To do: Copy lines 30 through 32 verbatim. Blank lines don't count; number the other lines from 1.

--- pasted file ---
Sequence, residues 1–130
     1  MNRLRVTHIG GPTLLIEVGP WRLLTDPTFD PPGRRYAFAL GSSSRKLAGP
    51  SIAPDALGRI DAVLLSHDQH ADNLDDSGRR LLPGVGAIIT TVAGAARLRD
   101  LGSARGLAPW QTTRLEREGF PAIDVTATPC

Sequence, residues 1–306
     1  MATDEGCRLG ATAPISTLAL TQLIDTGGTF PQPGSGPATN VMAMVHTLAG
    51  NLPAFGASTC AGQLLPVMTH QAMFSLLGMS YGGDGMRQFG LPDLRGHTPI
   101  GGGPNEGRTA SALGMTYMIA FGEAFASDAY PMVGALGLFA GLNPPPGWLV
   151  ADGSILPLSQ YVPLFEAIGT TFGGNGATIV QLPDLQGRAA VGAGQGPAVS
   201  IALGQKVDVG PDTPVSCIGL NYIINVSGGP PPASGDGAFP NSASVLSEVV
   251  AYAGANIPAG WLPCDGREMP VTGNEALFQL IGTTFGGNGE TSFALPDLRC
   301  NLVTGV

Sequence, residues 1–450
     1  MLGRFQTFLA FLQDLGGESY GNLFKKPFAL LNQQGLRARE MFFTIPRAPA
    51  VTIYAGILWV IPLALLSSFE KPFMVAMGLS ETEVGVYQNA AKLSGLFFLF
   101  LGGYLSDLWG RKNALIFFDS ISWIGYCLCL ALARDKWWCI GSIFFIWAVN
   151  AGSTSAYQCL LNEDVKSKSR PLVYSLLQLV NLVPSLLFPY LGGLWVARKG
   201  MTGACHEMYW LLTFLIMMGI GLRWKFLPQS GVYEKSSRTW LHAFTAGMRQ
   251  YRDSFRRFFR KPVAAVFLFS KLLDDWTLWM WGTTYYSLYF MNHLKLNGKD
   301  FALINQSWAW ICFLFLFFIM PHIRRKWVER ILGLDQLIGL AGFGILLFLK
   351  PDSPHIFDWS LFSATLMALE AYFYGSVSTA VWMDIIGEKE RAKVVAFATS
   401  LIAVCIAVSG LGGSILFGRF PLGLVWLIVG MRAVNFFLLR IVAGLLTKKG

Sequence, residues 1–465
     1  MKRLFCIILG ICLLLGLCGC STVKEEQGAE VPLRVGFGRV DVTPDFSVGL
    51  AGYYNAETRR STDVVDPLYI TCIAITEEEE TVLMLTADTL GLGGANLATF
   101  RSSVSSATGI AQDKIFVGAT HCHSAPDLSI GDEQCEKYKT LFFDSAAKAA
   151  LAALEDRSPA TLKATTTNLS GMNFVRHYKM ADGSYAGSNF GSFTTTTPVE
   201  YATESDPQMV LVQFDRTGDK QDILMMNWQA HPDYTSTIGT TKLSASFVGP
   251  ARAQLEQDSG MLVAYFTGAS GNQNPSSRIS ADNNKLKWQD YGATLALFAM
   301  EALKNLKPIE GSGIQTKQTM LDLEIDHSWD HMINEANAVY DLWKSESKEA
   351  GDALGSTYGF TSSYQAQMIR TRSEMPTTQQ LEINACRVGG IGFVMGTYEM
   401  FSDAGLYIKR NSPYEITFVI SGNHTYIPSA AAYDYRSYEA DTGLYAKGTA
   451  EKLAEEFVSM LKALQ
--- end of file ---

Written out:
   301  EALKNLKPIE GSGIQTKQTM LDLEIDHSWD HMINEANAVY DLWKSESKEA
   351  GDALGSTYGF TSSYQAQMIR TRSEMPTTQQ LEINACRVGG IGFVMGTYEM
   401  FSDAGLYIKR NSPYEITFVI SGNHTYIPSA AAYDYRSYEA DTGLYAKGTA